By Fred Burrill

Our second entry in the DePOT Book Symposium on Andy Clark’s Fighting Deindustrialisation: Scottish Women’s Factory Occupations, 1981-82 (Liverpool: Liverpool University Press, 2023) comes from Fred Burrill, a post-doctoral fellow at Cape Breton University in Canada who is starting a tenure-track position at the University of New Brunswick later this year. His research combines oral history with wider political economy concerns. He has published extensively, including most recently “Deindustrialization, Gender, and Working-Class Militancy in Saint-Henri, Montréal,” Labour/le travail 91 (2023), 9-34. 


Andy Clark’s first book, as expected, is chock-full of insights, provocations, and searching reflections that should challenge all of us concerned with the fate of deindustrializing communities. Analyzing what he describes as “one of the most significant periods in British histories of deindustrialisation and working-class resistance to factory closure” (4), Clark focuses on three largely successful – yet almost completely forgotten – light-industry factory occupations in central Scotland led by working-class women: Lee Jeans, in Greenock, Lovable Bra, in Cumbernauld, and Plessey Capacitors, in Bathgate. Based on extensive archival research and life-course interviews enriched by Clark’s own positionality as a locally rooted working-class scholar, the book intervenes in debates in deindustrialization studies, industrial relations, labour history, and oral history and memory. Rather than engage here in a full summary of Clark’s multifaceted intervention, I want instead to touch on several of Fighting Deindustrialisation’s key points in the form of an appreciation, a challenge, a query, and a pondering.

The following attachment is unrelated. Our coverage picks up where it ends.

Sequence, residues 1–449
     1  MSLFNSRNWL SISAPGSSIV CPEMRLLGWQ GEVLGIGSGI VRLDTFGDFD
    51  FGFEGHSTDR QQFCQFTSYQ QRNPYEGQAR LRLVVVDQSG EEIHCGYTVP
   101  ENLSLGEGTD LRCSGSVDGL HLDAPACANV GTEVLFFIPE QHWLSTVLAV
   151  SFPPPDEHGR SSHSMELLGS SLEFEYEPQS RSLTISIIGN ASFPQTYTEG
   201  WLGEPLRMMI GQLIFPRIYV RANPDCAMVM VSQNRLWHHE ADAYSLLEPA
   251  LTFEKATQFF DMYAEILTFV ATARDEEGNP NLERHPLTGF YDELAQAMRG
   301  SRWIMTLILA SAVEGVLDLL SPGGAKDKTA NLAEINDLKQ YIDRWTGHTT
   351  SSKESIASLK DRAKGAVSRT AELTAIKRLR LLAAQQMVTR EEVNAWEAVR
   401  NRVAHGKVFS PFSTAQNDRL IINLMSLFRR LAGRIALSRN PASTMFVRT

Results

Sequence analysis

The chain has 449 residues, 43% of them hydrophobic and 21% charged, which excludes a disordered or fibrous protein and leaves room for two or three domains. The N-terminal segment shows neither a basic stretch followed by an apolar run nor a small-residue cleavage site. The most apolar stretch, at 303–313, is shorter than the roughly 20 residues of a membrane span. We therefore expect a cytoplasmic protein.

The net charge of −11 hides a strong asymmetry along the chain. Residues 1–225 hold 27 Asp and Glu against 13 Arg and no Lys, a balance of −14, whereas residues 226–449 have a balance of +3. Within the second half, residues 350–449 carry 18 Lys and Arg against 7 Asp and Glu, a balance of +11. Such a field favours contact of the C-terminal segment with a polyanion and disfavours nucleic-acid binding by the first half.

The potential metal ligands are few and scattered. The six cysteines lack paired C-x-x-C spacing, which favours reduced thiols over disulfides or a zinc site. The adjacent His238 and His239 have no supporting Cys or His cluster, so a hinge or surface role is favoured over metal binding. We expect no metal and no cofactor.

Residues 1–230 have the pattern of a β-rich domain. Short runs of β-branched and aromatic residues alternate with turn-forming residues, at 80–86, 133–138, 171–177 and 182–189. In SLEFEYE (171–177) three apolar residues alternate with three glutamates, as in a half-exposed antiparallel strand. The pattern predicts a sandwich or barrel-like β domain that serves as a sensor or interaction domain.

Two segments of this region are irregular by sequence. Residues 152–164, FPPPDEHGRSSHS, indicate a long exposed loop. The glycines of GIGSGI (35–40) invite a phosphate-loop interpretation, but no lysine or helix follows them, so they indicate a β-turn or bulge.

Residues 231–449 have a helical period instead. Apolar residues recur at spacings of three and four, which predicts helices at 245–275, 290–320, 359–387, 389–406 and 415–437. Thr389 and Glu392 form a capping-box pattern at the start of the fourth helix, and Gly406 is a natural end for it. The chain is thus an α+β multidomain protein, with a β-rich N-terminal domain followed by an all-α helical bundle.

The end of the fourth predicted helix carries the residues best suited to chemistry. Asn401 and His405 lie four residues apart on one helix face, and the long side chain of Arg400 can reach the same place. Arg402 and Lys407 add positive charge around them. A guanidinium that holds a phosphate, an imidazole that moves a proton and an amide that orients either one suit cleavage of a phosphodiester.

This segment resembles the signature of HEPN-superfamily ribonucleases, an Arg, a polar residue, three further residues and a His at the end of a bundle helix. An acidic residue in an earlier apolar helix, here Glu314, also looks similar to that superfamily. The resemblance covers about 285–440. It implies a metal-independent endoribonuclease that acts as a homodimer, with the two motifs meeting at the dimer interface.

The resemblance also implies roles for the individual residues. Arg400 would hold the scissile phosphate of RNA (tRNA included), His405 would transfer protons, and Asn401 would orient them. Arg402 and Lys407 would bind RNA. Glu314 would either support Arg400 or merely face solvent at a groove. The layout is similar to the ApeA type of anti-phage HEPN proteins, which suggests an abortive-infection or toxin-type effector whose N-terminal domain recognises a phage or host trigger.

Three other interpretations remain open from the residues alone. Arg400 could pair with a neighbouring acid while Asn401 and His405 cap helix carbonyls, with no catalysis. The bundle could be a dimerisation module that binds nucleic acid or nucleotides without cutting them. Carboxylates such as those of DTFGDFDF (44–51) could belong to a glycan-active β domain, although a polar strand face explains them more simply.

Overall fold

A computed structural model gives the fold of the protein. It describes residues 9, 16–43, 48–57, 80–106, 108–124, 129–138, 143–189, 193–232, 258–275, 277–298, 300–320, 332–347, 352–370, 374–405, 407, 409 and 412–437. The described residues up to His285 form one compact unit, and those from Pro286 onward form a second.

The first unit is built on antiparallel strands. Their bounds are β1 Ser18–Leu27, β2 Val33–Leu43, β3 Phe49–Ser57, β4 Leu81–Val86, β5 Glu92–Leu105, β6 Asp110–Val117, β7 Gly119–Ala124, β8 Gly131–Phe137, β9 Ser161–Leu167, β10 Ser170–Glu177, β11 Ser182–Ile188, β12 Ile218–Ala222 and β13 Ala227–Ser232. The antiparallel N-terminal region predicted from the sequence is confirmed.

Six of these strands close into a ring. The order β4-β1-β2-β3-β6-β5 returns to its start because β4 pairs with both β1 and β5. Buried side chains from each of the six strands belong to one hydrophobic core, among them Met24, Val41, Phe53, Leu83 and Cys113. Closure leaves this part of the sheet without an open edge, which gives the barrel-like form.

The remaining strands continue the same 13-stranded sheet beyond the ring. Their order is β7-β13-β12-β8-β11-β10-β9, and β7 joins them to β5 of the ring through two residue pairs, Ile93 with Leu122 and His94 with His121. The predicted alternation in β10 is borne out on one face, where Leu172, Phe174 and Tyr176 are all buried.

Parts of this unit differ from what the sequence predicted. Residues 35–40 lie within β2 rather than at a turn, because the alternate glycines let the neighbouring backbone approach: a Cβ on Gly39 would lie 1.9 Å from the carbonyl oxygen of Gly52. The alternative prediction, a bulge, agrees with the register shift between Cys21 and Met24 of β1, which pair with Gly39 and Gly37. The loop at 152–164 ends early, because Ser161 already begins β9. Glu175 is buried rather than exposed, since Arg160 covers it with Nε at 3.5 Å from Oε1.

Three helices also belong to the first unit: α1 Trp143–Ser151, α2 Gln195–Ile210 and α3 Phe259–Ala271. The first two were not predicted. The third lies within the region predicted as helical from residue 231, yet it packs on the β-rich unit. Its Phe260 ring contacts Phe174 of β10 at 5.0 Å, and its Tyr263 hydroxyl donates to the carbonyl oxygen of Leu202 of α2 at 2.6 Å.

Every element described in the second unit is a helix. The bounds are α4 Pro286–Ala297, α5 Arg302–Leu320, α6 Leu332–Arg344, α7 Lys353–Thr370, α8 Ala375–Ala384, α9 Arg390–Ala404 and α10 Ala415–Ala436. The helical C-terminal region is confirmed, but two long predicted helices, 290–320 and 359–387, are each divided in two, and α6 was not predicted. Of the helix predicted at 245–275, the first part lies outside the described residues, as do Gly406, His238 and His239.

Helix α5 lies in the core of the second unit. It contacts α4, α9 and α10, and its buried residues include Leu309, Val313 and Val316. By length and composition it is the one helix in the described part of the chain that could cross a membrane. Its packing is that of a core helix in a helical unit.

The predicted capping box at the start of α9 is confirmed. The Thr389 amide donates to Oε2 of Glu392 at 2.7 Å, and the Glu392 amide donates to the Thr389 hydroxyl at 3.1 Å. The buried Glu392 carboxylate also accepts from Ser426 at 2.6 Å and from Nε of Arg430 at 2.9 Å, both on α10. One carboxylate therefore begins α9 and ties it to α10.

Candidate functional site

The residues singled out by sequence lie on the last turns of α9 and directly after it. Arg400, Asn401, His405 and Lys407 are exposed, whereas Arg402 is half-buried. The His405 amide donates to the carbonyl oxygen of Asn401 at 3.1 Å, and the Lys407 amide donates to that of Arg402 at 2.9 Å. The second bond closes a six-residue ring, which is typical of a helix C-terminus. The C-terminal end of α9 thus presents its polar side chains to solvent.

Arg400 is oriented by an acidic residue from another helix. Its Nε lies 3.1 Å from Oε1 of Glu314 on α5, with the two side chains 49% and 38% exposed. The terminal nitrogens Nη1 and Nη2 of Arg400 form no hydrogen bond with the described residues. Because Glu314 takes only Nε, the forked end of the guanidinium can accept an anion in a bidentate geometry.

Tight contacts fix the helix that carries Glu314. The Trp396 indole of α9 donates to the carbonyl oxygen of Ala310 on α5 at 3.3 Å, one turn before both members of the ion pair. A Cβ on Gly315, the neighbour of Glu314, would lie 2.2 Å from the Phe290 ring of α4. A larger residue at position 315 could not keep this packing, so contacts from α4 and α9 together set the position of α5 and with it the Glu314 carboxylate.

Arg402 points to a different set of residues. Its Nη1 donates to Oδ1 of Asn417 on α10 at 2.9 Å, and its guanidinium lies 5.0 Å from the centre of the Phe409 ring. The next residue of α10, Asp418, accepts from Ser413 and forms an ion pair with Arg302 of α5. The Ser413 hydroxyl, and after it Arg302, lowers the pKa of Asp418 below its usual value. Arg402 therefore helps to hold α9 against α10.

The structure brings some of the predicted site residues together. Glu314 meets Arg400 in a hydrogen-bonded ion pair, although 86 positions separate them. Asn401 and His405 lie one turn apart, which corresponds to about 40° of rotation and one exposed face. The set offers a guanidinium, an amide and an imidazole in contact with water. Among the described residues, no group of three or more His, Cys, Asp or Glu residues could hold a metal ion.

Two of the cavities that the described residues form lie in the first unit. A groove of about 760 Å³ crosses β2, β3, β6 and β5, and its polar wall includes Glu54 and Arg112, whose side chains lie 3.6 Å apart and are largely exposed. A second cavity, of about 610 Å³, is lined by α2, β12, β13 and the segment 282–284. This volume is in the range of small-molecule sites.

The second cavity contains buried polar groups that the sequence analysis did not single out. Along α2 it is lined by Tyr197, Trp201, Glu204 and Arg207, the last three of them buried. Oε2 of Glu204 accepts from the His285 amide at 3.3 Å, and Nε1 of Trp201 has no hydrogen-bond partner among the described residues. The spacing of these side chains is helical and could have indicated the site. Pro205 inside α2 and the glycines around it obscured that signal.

First: one of the book’s main contributions is its questioning of the push in deindustrialization studies to move on and scale-up from the investigation of local working-class experiences of closure. In a field traditionally dominated by the study of male industries and masculine experiences of resistance and job loss, there is significant work left to be done to come to integrate those who are, as Clark puts it, “subjugated by their gender and their class” (155). He pushes us to return to the world of the shopfloor and demonstrates the promise of the approach by uncovering a world of gendered solidarities and community ties in the factory space that help to explain how these workers decided to occupy their plants and sustained their resistance in the face of the indifference of both capital, and in the case of Lee Jeans, their own union. The emphasis on resistance is a much-needed breath of fresh air in a field attuned to loss and long-term cultural disintegration. Further, the focus on the local complicates our desire for transnational analysis and comparisons in that the book successfully demonstrates that the “national” is a particularly wobbly construct from which to build a larger edifice: the significant differences between deindustrialization processes in these three neighbouring localities, based on their varied histories of industrial development, trouble any easy narratives about the Scottish experience in the 1980s.